4) Your website zedz.org is almost a interactive art piece in itself and I noticed a link to a website called visualdata.org which seems to take me to your portfolio of web design and graphic design. Did you go to school for web and graphic design? Is this something you still do or do you make a living off of your mural and installation work entirely?
Visualdata is a friend of mine, a very skilled and talented web designer. We did collaborate on some projects in the past in which I would do the direction and Visualdata worked on the
execution and direction. I don’t make a living as a designer, though i will still take on directing or graphic jobs or challenges when they are in sync with my artistic direction. Right
now I basically survive on making art but that is including doing a few sponsored jobs and working for clients.
5) Can you tell us about the process you went through on your Mr. serious backpack collaboration?
When Mr. Serious challenged me to deliver an AOP (all over print) for his goods I was glad to except it.
It is something I wanted to do for a long time anyhow and I really like mr. Serious attitude as he is an independent producer of graffiti essentials operating in the margine between commercial graffiti supplies and hardcore underground. The AOP I created for mr Serious is a kind of matrix camouflage and it is used for a collection of bag-packs and pouches. The bags are well received and right now we are producing a more mainstream tote-bag (using the same AOP in a different color set) of which I am really happy as I myself always go around with this type of heavy duty -good for everything- bag.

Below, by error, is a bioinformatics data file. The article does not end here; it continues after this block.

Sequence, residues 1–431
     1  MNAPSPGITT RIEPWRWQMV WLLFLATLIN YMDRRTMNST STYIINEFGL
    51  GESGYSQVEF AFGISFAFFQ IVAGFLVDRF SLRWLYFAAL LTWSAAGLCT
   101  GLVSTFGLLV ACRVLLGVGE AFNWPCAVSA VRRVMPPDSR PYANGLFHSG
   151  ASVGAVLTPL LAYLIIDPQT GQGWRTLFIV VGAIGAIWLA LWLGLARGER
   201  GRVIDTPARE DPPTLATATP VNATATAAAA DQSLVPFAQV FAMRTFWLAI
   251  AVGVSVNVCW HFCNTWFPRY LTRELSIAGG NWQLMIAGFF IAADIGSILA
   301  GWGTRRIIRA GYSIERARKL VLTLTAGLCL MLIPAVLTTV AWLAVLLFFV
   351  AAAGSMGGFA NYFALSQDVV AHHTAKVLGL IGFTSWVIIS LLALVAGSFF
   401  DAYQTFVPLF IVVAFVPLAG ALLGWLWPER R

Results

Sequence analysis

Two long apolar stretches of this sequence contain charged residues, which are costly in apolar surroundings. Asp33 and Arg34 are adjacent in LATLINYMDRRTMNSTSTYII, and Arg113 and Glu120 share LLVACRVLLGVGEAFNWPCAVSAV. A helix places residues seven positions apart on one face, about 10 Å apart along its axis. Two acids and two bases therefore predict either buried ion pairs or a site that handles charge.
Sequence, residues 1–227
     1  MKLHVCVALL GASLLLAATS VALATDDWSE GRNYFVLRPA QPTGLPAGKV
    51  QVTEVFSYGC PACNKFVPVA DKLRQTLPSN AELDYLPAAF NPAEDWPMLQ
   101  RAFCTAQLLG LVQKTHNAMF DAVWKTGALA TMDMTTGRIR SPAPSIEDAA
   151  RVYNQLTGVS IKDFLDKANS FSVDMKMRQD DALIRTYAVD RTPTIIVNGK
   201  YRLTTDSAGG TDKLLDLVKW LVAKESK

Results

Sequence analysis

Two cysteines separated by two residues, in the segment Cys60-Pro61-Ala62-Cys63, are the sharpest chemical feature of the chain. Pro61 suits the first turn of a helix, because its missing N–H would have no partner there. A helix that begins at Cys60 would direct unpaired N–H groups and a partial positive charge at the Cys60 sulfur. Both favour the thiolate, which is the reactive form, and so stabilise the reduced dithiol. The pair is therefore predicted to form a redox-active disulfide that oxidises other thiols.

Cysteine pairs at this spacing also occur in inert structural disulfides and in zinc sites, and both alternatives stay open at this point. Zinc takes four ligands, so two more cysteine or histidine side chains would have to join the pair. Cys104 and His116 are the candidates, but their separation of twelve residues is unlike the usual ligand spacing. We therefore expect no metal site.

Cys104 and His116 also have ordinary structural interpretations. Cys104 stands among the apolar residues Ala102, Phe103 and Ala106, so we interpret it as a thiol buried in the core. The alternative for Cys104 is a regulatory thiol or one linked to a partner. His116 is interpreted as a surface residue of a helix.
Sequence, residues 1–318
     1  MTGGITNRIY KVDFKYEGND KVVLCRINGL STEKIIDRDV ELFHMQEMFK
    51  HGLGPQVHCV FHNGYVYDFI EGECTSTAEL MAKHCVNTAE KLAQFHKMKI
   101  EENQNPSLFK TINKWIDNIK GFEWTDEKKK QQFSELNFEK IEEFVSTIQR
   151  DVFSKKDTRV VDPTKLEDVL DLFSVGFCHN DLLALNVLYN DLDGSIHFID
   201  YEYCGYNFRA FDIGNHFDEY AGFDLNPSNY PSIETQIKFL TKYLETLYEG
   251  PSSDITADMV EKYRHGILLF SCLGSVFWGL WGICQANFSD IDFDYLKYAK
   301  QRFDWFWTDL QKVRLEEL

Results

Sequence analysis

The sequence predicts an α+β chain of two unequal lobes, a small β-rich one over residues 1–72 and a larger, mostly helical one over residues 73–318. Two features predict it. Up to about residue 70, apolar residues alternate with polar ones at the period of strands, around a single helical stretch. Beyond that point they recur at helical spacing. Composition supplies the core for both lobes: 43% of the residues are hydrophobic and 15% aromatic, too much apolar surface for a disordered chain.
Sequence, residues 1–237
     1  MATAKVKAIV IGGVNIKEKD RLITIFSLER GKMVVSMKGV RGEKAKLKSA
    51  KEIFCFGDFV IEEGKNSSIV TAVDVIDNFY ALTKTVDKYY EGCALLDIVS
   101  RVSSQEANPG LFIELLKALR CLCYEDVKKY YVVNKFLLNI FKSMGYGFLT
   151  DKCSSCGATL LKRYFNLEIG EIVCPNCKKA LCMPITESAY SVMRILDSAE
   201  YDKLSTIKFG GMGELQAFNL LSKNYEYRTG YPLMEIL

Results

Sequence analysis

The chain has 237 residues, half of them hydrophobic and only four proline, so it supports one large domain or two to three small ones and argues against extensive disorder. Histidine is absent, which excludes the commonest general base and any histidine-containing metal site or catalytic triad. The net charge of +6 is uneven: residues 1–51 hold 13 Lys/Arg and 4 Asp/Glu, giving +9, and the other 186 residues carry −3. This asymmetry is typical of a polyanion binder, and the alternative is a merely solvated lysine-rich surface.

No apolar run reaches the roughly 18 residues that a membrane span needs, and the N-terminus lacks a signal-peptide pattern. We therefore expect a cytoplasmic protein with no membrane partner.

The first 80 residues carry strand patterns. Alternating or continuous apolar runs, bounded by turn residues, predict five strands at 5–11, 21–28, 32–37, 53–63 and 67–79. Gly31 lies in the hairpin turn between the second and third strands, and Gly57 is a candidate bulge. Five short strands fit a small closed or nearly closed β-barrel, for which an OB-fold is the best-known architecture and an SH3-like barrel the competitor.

6) Are there any artists that you enjoy collaborating with? Who are you a fan of today?
A few years ago I used to collaborate a lot with different artist but in the more recent years I naturally quit doing so as my focus shifted more towards my personal development.
Right now I am not really a fan of any artist except for some iconic artists and architects, I realised that I am grew more fond of spatial experiences rather then being blown away by art, though I really appreciate and respect works of other artist, and there are actually too many to mention and quite a lot of which I don’t remember the names. I realise there is a certain
group of artist of which I don’t enjoy the work at all as there is not a genuine research done and artist that are repeating themselves and I would label “gallery-artists” which seem to be
rather focused on selling art than developing and experimenting with art.